CINCINNATI — Prosecutor Joe Deters says Terry Blankenship "deserves to die," calling the March 21 killing of Springdale Police Officer Kaia Grant "an obscenity."
Deters announced a 10-count, death penalty indictment Wednesday against the man accused of deliberately crashing into Grant's cruiser on Interstate 275.
"The murder of a police officer in the line of duty is one of the most despicable crimes anyone could commit," Deters said in a release. "Kaia was attempting to stop an armed, violent criminal who had vowed not to be taken alive ... Under Ohio law, the punishment is appropriate. The resources of my office will do whatever necessary to deliver justice to Kaia’s family."
At an afternoon news conference, Deters said Grant's mother "was supportive" when he talked to her about seeking death penalty specifications from the grand jury.
Deters said he just regrets that getting justice could take "decades."
"I explained today to members of her family that these cases, depending on the makeup of the courts in Ohio, could take decades for justice to be served," Deters said. "That's because right now we've got, frankly, judges that are taking their time with their cases.
"But the courts are going to change drastically in the next couple of years and, depending on the makeup of the court, it could be a lot quicker than that."
Blankenship, 42, of Blanchester, Ohio, was charged with aggravated murder on April 8. At the time, Deters said he expected a grand jury to add death penalty specifications.
“It’s not often we seek charges like this … The fact of the matter is he should never get out of jail. I believe it would be just if they finally executed him for what he did to Officer Kaia Grant.”
Blankenship deliberately crashed into two cruisers near State Route 4 as Grant, 33, and Sgt. Andrew Davis were preparing to put down stop sticks, police said. Blankenship was fleeing from Elmwood Place police after he evaded a traffic stop.
The officers were outside of their cruisers when the crash happened.
After the crash, Blankenship shot himself in the jaw with his own gun while still in his pickup truck, Deters said. He had to be hospitalized pending charges.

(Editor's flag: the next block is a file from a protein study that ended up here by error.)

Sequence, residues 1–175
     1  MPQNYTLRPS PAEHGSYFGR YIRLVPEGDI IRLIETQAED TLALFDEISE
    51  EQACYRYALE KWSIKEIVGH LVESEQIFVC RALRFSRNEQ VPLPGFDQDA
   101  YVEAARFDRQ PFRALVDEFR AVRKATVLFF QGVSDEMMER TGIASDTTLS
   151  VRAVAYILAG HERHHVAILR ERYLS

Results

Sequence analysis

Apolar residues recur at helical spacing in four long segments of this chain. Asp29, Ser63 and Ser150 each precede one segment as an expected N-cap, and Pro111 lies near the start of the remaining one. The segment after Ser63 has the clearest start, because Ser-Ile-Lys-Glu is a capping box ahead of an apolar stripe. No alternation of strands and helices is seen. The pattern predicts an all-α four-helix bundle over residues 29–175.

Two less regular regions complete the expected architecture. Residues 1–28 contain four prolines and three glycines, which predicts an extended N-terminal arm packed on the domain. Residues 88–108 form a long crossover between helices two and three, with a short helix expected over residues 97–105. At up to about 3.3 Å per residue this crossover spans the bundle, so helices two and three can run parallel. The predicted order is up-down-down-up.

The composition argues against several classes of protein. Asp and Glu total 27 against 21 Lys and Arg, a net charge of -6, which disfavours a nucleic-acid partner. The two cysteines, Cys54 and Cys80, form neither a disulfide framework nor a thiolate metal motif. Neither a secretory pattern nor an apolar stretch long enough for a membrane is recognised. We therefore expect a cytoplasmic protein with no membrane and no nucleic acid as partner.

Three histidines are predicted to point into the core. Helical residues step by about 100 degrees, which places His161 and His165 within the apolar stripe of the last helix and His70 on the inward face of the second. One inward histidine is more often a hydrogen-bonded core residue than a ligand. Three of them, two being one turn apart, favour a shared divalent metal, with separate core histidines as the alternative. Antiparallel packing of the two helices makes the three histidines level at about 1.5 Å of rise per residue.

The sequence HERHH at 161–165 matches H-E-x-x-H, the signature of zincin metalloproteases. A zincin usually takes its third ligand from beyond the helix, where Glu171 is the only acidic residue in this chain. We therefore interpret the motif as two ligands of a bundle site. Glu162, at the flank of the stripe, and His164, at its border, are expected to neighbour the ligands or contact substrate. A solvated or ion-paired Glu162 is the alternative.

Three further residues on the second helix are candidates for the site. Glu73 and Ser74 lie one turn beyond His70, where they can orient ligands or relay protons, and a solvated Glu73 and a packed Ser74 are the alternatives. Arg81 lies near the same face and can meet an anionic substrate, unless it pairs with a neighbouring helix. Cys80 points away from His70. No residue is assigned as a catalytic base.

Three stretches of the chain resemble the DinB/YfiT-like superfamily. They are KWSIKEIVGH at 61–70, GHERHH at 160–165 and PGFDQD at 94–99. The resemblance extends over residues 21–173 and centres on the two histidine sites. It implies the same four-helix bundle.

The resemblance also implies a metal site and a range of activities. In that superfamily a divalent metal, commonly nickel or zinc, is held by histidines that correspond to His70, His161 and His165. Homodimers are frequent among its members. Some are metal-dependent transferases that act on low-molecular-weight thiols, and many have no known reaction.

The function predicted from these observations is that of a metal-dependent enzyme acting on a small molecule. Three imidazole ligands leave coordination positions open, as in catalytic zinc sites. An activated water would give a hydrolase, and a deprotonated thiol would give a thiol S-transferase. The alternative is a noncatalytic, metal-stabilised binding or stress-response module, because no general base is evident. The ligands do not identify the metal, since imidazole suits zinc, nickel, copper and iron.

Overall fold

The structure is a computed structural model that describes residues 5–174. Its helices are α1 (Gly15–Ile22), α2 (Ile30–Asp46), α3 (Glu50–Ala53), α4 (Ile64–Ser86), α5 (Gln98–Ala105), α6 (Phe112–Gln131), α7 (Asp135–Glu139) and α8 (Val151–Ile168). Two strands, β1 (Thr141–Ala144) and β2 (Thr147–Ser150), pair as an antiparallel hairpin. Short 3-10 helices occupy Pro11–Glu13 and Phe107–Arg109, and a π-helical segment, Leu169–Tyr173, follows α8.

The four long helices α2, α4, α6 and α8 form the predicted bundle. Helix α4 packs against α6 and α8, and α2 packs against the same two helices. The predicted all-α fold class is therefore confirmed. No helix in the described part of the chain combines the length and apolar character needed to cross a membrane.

At the time of the crash, Blankenship was wanted on a felony warrant in Clinton County. Two nights earlier, Blankenship broke into his ex-wife's home and pistol-whipped her boyfriend, police said.
"Blankenship made a sudden turn toward the officers and drove directly into the police officers and their marked police vehicles," according to a release from Deters' office. "Neither officer was able to deploy their stop sticks. The impact caused Officer Grant’s body to go airborne and cross the highway barrier and land on the opposite side of the highway."
The impact of the crash activated Grant’s body camera and a single gunshot is heard, according to the release. A loaded .45 caliber semi-automatic was found in Blankenship’s truck. No shots were fired by any police officers on the scene, officials said.
The new indictment charges Blankenship with eight counts involving the crash and two counts involving the Clinton County incident.
The primary charge is one count of aggravated murder (special felony) for the purposeful killing of a police officer while on duty (death penalty specification and one-year gun specification).
Blankenship is also charged with murder, two counts of aggravated vehicular homicide with a peace officer specification, two counts of felonious assault and one count each of weapon under disability and failure to comply.
The Clinton County charges are one count of aggravated burglary and one count of felonious assault. Those charges may be prosecuted in Hamilton County as a continuing course of conduct, the release said.
Deters met with Ohio Attorney General Dave Yost about the case last month. Deters and Ohio Bureau of Criminal Investigation were in charge of the investigation, but there was no time limit on when charges had to be filed because the Ohio Supreme Court Justice waived all speedy trial rights at the time due to the coronavirus.
Grant, an eight-year veteran of the Springdale department, was born and raised in Wyoming, Ohio. The 2005 Wyoming High School graduate is the first Springdale officer killed in the line of duty, police said.
Grant was the first female police officer ever killed in the Greater Cincinnati area outside of jail duty, according to the Greater Cincinnati Police Museum, which posts a record of 205 local, state and federal officers who have fallen since 1845 on its website.
It lists two other women – both jail matrons – killed on the job more than 100 years ago, Rosa A. Regan in 1908 and Anna M. Hart in 1916.
Grant was the tenth area officer to die in the line of duty since 2000.
Before becoming a police officer, Grant graduated from the College of William & Mary in Williamsburg, Virginia in 2009, and managed an after-school program for at-risk kids in Cincinnati for three years. She joined Springdale Police in 2012.
Davis, a 30-year Springdale veteran, suffered minor injuries. He was transported to a hospital after the crash and released that night.